Originally Posted by Mumbo Jumbo
This is absolutely false, I'm afraid, SDW2001.
Edit: see also here, Paul Krugman explaining here how FDR's investing in America basically dug the nation's way out of the Depression:http://videocafe.crooksandliars.com/...here-are-any-r
OK..one...the way you have that data pasted it's impossible to see what's what. Secondly, after the New Deal kicked in, we had a recession within the depression. Hmmm. And you blame this on deficit spending being backed off. Of course, this makes no sense. Economic changes take 2-3 years to kick in due to "lag." So if anything, his reduced spending helped...according to your own numbers.
Two..Krugman is an unmitigated fool and liberal stooge
. I make no apologies for dismissing his comments out of hand.
Here is some other info for you:http://newsroom.ucla.edu/portal/ucla...sion-5409.aspx
Two UCLA economists say they have figured out why the Great Depression dragged on for almost 15 years, and they blame a suspect previously thought to be beyond reproach: President Franklin D. Roosevelt.
FDR, after assuming the presidency, promoted a wide variety of federally funded programs aimed at restoring the American economy, helping relieve the suffering of the unemployed, and reforming the system so that such a severe crisis could never happen again. However, while the New Deal did help restore the GNP to its 1929 level and did introduce basic banking and welfare reforms, FDR refused to run up the deficits that ending the depression required. Only when the federal government imposed rationing, recruited 6 million defense workers (including women and African Americans), drafted 6 million soldiers, and ran massive deficits to fight World War II did the Great Depression finally end.
The Wall Street Journal
he downturn of 1937-38 was preceded by large wage hikes that pushed wages well above their NIRA levels, following the Supreme Court's 1937 decision that upheld the constitutionality of the National Labor Relations Act. These wage hikes led to further job loss, particularly in manufacturing. The "recession in a depression" thus was not the result of a reversal of New Deal policies, as argued by some, but rather a deepening of New Deal polices that raised wages even further above their competitive levels, and which further prevented the normal forces of supply and demand from restoring full employment.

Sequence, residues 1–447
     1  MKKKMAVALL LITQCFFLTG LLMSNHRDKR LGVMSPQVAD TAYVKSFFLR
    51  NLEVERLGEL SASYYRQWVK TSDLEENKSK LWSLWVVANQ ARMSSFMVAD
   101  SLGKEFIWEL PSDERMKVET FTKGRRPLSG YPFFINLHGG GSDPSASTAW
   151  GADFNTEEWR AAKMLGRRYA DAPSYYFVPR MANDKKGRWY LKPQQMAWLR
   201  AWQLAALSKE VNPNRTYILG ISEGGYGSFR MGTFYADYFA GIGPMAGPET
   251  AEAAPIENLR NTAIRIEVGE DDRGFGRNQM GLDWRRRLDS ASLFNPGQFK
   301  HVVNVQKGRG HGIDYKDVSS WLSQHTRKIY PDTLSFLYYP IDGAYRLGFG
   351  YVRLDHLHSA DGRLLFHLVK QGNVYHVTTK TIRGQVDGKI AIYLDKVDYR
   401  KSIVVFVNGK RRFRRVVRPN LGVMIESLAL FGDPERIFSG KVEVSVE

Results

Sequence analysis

Well, that's a point that's been made and rebutted by people who know more about this than I do. But after the money's been spent, the improved infrastructure and projects don't just disappear.
True, and they don't add anything to the economy either. The jobs go away.
China invests massively in this sort of stuff for pretty good reasons.
So? For what reasons? Are you aware that we have different economy than does China?
Also, in a mortgage crisis, say, this kind of thing keeps people liquid
How many people...the ones who got the stimulus jobs? Even by the most optimistic bullshit estimates, that's not even 10% of the unemployed.
until the mortgage sector catches up and people start lending again...
The mortgage sectors is lending. They never stopped. The kind of loans you're talking about aren't coming back anyway. And what..people are dependent on these loans?
you're not disputing that it saves jobs,
Perhaps some jobs, yes.
but to save them at the nadir of a crisis prevents things from getting much, much worse, surely?
No, I don't think it does. Employment is a result of business being transacted. That part hasn't gotten better. Paying people to dig holes only works for a while. The underlying issues don't get fixed.